Continuous variables were analyzed using analysis of variance, and categorical variables were analyzed using the Pearson χ2 test. Data are shown as mean ± SD for continuous variables and number for categorical variables. The effects of clinical, physiologic, radiologic, and occupational features on survival were assessed using the Cox proportional hazard models. The duration of survival after diagnosis was used for survival analysis. The results were expressed as the relative hazard ratio (HR) for death; the estimated survival curves were stratified by occupational group. An adjusted P value < .05 was considered statistically significant. All statistical analyses were carried out using SPSS, version 18 (IBM Corp).

Ethics Statement

This study protocol was reviewed and approved by the Institutional Review Board of Yonsei University Health Service, Severance Hospital (IRB approval number: 4-2009-0372), which deemed that informed consent was unnecessary.

Table 1 demonstrates the baseline clinical characteristics of the 1,311 patients with IPF according to their occupational group. The mean age of the patients at the time of diagnosis was 67.5 ± 9.7 years. However, the mean age for the dust-exposure group was 61.3 ± 8.6 years, the youngest among the occupational groups. There was also a statistically significant difference in the number of men compared with women, within each group. There was no significant difference among the five groups regarding amount of smoking (P = .112). The duration of symptoms was significantly different among the groups (P = .004). In the dust-exposure group, the duration of symptoms was 17.0 ± 28.2 months, the longest of any of the occupational groups. Fifty-eight percent of patients in the sales or service personnel group and 57.3% of the patients in the dust-exposure group were diagnosed by examination of surgical lung biopsy specimens. These proportions were higher than those of the other groups. We calculated the GAP index using gender (G), age (A), two lung physiology variables (P) (FVC and diffusing capacity of the lung for carbon monoxide [Dlco]), as Ley et al17 suggested. The sales and service group and dust-exposure group had relatively low GAP scores than other groups (P < .001).

Table Graphic Jump Location
TABLE 1 ]  Clinical Characteristics of Patients With Idiopathic Pulmonary Fibrosis According to Occupation

Data are given as mean ± SD unless otherwise indicated. GAP = gender, age, and physiology

a 

Dust-exposure group includes wood, metal, sand, stone, diesel, or chemical exposure-related occupation.

b 

The following post hoc comparisons were significant at the P = .05 level (all other comparisons were nonsignificant): unemployed or homemakers group vs sales or service group, clerical or professional group, and dust exposure group; farming, fishing, or ranching group vs sales or service group, clerical or professional group, and dust-exposure group (age); unemployed or homemakers group vs dust-exposure group (duration of symptoms at diagnosis). Unemployed or homemakers group vs sales or service group, clerical or professional group, and dust-exposure group; and farming, fishing or ranching group vs sales or service group, clerical or professional group, and dust-exposure group (GAP index).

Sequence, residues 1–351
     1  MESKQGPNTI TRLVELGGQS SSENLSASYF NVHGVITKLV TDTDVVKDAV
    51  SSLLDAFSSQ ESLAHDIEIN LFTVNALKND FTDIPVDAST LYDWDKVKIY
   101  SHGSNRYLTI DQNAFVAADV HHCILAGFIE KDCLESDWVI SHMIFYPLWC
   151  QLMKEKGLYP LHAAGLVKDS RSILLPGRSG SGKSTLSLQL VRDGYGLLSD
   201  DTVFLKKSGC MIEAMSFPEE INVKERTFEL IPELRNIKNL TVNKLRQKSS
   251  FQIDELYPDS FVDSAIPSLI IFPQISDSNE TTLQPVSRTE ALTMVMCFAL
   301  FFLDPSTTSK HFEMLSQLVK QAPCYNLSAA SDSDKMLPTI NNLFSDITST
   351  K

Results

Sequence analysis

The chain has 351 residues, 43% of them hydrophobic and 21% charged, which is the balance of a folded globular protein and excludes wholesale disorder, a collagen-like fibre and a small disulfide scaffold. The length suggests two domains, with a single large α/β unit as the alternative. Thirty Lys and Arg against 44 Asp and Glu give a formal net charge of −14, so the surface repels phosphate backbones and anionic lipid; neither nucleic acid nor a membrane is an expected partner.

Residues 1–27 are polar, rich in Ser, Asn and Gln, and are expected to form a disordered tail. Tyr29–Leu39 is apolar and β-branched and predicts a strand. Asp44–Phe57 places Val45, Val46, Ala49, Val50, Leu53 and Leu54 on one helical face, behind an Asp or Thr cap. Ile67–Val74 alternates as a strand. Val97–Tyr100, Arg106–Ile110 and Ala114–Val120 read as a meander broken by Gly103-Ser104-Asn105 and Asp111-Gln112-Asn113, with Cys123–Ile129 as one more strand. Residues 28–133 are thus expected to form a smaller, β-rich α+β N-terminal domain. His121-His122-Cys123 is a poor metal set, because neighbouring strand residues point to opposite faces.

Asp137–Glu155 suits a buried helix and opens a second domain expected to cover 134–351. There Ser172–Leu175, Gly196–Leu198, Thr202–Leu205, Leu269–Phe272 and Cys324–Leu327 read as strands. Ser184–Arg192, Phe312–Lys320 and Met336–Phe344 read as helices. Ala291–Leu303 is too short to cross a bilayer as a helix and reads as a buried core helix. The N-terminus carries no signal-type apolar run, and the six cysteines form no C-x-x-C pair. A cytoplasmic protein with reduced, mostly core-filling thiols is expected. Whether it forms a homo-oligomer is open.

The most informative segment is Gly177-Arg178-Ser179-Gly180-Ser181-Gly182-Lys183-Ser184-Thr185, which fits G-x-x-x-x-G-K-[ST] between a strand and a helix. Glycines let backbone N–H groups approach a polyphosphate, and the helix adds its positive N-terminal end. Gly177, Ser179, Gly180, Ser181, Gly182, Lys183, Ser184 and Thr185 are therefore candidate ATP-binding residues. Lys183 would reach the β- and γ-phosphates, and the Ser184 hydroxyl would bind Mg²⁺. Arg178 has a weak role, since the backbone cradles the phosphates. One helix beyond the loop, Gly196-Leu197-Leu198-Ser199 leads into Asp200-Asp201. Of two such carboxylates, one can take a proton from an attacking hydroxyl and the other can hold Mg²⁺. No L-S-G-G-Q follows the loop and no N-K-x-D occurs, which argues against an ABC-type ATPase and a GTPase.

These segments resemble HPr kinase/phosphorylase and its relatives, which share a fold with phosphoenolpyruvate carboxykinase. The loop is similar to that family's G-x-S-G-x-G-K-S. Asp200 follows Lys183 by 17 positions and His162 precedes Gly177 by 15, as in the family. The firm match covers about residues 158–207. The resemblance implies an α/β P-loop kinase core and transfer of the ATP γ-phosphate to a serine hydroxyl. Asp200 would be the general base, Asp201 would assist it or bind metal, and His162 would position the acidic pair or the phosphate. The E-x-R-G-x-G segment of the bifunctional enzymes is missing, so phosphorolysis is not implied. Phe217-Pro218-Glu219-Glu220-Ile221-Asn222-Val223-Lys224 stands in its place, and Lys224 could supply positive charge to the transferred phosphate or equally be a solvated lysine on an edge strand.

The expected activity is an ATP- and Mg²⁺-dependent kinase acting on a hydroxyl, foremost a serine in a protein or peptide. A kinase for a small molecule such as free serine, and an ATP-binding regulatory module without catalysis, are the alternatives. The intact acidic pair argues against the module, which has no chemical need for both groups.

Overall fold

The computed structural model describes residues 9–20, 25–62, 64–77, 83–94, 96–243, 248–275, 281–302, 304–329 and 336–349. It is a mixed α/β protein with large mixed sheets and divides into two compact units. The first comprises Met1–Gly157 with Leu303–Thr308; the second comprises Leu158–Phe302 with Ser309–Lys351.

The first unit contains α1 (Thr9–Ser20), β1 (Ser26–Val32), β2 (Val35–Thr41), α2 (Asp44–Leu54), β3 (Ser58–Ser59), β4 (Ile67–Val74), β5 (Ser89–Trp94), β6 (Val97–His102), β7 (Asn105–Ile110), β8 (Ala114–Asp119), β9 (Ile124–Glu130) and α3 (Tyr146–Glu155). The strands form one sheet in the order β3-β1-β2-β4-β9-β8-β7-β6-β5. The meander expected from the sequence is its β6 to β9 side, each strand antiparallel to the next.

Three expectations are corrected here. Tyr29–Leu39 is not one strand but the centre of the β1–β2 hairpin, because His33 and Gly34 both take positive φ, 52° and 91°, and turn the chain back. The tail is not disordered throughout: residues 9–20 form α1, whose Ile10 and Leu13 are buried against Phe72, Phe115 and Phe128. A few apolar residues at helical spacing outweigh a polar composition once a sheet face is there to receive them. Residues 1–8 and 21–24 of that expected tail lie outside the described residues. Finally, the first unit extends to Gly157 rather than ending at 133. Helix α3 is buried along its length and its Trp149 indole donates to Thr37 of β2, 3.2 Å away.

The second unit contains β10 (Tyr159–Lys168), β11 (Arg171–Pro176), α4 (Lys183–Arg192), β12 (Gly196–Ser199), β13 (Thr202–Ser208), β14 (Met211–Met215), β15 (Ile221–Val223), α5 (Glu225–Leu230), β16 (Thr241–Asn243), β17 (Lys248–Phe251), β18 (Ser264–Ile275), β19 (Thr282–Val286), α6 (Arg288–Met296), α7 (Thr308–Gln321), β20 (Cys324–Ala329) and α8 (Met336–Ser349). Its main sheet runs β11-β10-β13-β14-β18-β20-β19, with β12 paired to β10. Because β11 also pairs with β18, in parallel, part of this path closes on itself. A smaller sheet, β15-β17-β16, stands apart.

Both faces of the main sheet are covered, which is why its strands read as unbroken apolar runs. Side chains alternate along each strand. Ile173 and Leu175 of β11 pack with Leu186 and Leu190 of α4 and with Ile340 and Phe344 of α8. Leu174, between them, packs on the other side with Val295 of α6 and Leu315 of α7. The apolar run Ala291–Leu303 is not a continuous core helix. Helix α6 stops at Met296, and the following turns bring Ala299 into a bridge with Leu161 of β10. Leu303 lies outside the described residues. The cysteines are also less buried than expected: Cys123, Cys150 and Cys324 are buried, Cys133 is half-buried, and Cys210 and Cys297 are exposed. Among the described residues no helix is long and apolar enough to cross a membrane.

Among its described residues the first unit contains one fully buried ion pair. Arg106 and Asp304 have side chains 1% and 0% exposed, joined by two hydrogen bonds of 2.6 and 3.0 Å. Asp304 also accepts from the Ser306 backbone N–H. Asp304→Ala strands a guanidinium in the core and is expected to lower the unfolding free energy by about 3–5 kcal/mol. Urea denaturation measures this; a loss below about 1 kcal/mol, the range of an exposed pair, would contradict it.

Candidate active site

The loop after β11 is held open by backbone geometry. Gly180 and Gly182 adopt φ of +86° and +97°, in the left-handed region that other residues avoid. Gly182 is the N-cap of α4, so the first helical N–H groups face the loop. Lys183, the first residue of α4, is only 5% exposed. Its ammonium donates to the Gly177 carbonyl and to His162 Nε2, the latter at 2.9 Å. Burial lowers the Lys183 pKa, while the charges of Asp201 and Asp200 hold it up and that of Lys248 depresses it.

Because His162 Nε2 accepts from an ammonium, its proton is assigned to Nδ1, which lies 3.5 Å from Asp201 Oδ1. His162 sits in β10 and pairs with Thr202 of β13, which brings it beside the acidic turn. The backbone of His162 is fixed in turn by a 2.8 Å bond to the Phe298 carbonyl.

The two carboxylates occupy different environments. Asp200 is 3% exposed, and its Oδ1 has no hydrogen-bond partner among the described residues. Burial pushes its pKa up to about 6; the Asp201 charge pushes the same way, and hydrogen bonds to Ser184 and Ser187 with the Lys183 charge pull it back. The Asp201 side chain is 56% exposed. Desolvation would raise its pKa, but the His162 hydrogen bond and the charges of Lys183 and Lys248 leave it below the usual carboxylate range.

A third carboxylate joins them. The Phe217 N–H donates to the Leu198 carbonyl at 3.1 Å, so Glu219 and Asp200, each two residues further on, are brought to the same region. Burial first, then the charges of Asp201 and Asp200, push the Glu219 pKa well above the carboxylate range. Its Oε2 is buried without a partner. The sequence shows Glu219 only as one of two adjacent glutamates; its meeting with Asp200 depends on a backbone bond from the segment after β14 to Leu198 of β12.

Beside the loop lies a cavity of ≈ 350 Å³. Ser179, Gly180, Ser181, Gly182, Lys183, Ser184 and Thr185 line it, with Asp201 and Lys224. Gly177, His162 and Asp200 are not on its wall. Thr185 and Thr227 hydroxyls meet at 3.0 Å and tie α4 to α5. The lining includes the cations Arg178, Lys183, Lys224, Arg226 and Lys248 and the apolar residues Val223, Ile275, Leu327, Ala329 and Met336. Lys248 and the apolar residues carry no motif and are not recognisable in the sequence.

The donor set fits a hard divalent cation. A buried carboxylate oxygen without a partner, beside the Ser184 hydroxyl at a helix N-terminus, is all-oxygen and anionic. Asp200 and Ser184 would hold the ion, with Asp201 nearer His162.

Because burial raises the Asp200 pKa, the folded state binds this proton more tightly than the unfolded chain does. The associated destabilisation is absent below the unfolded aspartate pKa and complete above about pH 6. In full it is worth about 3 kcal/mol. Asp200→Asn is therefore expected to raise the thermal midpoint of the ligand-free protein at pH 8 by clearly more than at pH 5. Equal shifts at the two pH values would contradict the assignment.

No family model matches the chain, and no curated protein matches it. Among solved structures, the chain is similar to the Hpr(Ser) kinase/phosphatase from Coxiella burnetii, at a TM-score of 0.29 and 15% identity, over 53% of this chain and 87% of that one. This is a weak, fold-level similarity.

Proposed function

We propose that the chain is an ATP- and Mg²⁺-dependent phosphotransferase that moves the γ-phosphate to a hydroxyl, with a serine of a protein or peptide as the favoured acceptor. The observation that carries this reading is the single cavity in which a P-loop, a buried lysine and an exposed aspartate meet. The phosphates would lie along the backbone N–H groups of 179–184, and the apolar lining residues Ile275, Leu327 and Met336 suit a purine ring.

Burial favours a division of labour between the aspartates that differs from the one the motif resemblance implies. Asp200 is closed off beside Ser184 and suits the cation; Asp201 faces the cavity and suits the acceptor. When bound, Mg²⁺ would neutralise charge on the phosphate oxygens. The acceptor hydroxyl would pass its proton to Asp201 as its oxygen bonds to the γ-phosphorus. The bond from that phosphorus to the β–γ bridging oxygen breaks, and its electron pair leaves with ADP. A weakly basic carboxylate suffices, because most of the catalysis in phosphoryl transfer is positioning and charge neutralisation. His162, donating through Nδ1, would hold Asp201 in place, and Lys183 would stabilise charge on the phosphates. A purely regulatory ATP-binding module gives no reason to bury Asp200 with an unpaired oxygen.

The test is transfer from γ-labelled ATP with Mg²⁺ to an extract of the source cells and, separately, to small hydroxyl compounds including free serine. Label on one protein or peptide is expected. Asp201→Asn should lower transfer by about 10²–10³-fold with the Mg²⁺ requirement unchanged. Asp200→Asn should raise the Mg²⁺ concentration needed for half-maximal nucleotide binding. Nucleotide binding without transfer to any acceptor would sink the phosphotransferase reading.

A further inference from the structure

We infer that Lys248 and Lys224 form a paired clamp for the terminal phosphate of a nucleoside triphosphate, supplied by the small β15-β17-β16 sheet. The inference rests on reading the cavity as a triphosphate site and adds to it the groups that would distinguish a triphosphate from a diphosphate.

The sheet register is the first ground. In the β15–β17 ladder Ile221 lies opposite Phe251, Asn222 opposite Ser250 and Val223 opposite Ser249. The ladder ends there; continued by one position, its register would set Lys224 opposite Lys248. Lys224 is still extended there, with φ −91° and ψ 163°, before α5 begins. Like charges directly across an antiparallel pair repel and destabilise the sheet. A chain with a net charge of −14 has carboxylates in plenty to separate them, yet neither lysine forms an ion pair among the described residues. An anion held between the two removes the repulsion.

c 

The physiology component of GAP includes two lung physiology variables: FVC and diffusing capacity of the lung for carbon monoxide.

Occupational classifications are shown in Figure 2, revealing a significant difference according to sex (P < .001). Women were less likely than men to be employed (in this study only 23.8% of women were employed).

Figure Jump LinkFigure 2 –  Occupational classification by sex. A, Occupations classification of female patients (n = 365). B, Occupation classifications of male patients (n = 946). There is a significant occupational difference by sex (χ2 test P < .001). *Dust exposure group includes wood, metal, sand, stone, diesel, or chemical exposure-related occupation.Grahic Jump Location

The results of the baseline PFT, arterial blood gas analysis, and HRCT scan findings are summarized in Table 2. In the PFT, the percentage of predicted total lung capacity (TLC % predicted) and Dlco % predicted were significantly different among the groups (both P = .001). However, there were no significant differences in the FVC % predicted and FEV1 % predicted. Measurements of Pao2 differed significantly among the five groups (P = .001). The honeycomb appearance on HRCT scan for the 1,311 patients with IPF was investigated by radiologists in this study. Honeycombing was observed in 63.1% of the clerical or professional group patients, the lowest percentage among the five groups (P = .005).

Table Graphic Jump Location
TABLE 2 ]  Lung Function at Diagnosis, Blood Gas Analysis, and High-Resolution CT Scan Finding According to Occupation

Data are presented as mean ± SD unless otherwise indicated. TLC = total lung capacity; Dlco = diffusing capacity of the lung for carbon monoxide.

a 

Dust-exposure group includes wood, metal, sand, stone, diesel or chemical exposure-related occupation.

b 

The following post hoc comparisons were significant at the P = .05 level; all other comparisons were nonsignificant: farming, fishing, or ranching group vs clerical or professional group and dust-exposure group (TLC % predicted); unemployed or homemakers group vs sales or service group, clerical or professional group and dust-exposure group (Dlco % predicted); unemployed or homemakers group vs sales or service group and clerical or professional group (Pao2, mm Hg).